Don’t the Coaches Notice These Things?
September 10, 2005–It’s a lament uttered by every fan. Tonight, it was my turn. Orioles vs. Mariners, top of the 9th, two out, runner on second, Eric Byrnes at the plate. Sound familiar? It’s a reprise of last night, but for two notable exceptions: It was the first trip to the plate for Byrnes, who was a late-inning defensive replacement. And the Orioles were up 5-3, instead of down 3-2. But the result was essentially the same as the night before: Byrnes made the Orioles’ last out of the game. Only tonight, it was a K instead of a 4-3.
Oh, the wonders of the behind-the-pitcher camera angle full-screen on my computer, even if it is a little pixelated! As soon as Byrnes stepped into the box, I said, "Byrnesie, you’re too far away from the plate." I’ve said this before, but tonight it seemed even more obvious. So the Mariners exploited it, like everybody does. They threw Byrnesie pitches away. He’s learned to lay off the low and away junk headed out toward the on deck circle that was the bane of his existence before the All Star break. But pitchers can still throw Byrnes a strike that’s away, or a borderline pitch that the ump might call a strike. He’ll swing, but he’s too far away to hit it well. The misses, fouls and weak outs make him more anxious to get a hit. When Byrnes is anxious, he makes the big mistake of enlarging the strike zone. Tonight’s swinging strike three was a shoulder-high fast BALL.
Byrnes needs to move in two inches. (Tonight, he could have moved in three inches). Then the outside strikes would be within his reach. I’ve noticed he’s got a good eye for inside balls and doesn’t swing at them. If he were to stand closer to the plate and pitchers then tried to jam him with a strike inside, he could pull his hands in and muscle the ball out. I’ve seen him do it. But he doesn’t do it very often because pitchers know they can get him out by throwing the away stuff. If he were to move in and tag those outside pitches instead of lunging for them and missing or hitting weakly, pitchers would have to start coming inside more. If the inside pitch misses over the plate, Byrnesie has something he can knock into the next county. There’s the difference between being a struggling hitter and being the feared power hitter the Orioles need and we Byrnes fans know he can be. They say that baseball is a game of inches. Right now, Eric Byrnes is standing two to three inches too far away from the plate.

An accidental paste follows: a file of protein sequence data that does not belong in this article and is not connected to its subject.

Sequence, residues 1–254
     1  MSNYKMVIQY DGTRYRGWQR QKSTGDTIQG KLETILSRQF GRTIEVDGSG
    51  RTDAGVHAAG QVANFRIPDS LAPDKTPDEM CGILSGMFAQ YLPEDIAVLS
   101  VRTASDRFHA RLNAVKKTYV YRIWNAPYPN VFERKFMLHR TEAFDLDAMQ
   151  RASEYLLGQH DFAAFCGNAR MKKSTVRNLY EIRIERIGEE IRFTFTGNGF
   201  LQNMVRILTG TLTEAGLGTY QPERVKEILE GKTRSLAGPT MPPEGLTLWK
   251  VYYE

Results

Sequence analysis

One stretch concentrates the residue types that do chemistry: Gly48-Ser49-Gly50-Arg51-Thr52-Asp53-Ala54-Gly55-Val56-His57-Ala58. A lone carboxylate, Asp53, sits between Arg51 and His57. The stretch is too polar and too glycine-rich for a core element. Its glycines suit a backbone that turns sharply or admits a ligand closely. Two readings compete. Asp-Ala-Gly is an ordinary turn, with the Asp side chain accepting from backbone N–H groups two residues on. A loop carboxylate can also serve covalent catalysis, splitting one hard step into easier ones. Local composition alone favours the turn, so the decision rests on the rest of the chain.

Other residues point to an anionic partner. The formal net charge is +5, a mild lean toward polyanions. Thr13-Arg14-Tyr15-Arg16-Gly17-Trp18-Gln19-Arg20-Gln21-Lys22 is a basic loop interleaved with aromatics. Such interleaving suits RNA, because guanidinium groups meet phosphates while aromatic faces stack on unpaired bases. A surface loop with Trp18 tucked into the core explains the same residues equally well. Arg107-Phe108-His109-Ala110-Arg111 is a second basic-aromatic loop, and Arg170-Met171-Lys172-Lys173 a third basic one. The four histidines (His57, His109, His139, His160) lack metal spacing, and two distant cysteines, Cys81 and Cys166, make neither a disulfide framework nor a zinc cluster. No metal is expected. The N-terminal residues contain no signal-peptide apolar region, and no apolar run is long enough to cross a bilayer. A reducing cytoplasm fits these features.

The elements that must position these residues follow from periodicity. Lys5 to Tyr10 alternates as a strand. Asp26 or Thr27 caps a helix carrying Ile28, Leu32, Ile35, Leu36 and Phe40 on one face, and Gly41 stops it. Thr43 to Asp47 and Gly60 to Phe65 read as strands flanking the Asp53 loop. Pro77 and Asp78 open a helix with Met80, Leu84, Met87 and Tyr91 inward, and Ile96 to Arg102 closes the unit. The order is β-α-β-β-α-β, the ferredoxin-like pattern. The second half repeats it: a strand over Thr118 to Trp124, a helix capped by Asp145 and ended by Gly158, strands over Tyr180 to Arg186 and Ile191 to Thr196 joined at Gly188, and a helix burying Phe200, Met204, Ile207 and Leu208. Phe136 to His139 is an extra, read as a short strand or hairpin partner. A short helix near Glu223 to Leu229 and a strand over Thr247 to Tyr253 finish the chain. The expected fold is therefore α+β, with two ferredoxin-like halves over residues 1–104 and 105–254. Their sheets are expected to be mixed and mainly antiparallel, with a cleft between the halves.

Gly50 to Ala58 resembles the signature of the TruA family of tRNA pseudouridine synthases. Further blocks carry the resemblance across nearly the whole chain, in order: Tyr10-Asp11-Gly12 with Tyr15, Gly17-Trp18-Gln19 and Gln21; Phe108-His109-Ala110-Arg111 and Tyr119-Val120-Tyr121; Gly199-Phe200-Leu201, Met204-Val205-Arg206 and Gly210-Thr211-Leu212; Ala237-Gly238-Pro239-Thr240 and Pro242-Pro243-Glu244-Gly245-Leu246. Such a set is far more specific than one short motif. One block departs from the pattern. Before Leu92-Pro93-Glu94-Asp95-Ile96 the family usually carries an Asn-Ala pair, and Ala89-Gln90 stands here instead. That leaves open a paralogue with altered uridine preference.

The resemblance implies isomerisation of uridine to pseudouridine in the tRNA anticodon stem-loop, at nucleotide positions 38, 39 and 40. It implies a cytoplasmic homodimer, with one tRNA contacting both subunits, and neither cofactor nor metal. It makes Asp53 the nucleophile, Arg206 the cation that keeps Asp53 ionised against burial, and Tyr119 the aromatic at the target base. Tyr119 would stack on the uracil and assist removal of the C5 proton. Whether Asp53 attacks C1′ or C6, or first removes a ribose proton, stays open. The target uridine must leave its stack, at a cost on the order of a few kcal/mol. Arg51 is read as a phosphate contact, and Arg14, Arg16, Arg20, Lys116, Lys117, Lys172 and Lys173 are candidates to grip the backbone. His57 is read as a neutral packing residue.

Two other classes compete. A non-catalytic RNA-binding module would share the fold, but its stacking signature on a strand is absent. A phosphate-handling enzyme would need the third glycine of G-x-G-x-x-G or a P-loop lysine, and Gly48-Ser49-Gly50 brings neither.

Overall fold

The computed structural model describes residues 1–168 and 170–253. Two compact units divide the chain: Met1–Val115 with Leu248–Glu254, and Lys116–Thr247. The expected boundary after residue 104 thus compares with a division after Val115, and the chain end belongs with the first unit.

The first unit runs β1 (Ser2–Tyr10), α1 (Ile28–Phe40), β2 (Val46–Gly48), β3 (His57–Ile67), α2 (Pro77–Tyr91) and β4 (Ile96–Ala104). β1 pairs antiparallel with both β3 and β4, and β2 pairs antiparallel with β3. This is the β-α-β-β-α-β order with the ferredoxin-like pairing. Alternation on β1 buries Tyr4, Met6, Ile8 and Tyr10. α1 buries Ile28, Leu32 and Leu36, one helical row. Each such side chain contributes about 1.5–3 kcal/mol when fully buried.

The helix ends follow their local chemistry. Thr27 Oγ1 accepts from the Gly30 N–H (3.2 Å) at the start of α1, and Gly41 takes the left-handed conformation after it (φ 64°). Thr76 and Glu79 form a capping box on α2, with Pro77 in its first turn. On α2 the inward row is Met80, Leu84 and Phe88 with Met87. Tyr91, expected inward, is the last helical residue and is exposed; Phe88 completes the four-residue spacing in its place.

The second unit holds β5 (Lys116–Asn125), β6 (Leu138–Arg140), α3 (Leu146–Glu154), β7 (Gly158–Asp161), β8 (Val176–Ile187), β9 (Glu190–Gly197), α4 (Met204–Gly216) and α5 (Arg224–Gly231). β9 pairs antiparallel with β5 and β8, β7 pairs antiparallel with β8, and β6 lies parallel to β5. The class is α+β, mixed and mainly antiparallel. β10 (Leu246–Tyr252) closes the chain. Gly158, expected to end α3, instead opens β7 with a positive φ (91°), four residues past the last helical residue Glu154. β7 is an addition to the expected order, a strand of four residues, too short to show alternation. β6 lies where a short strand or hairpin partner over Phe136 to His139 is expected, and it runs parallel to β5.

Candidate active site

Don’t the coaches notice these things? Maybe sometimes they don’t. There are only a few coaches handling a lot of players. At this time of the year, when the rosters are expanded, coaches are looking at, and thinking about, more variables and more people, especially if the team is out of playoff contention, as the Orioles are. Or maybe a coach doesn’t notice one thing about a player because he’s focused on another. If hitting instructor Terry Crowley is concentrating on teaching Byrnes how to bunt or how to hit to the opposite field, worthy pursuits indeed, he might be missing the distance issue. This is no criticism of Crowley. There’s only so much one person can see at a time.
There are personal chefs, personal shoppers and personal trainers. Perhaps baseball teams need personal scouts: people responsible for watching only one player’s performance and reporting what is happening, good and bad, to the appropriate coach. I will happily serve in that capacity for Eric Byrnes. Note to Terry Crowley: Please look at Byrnes’ feet. He’s standing too far away from the plate.
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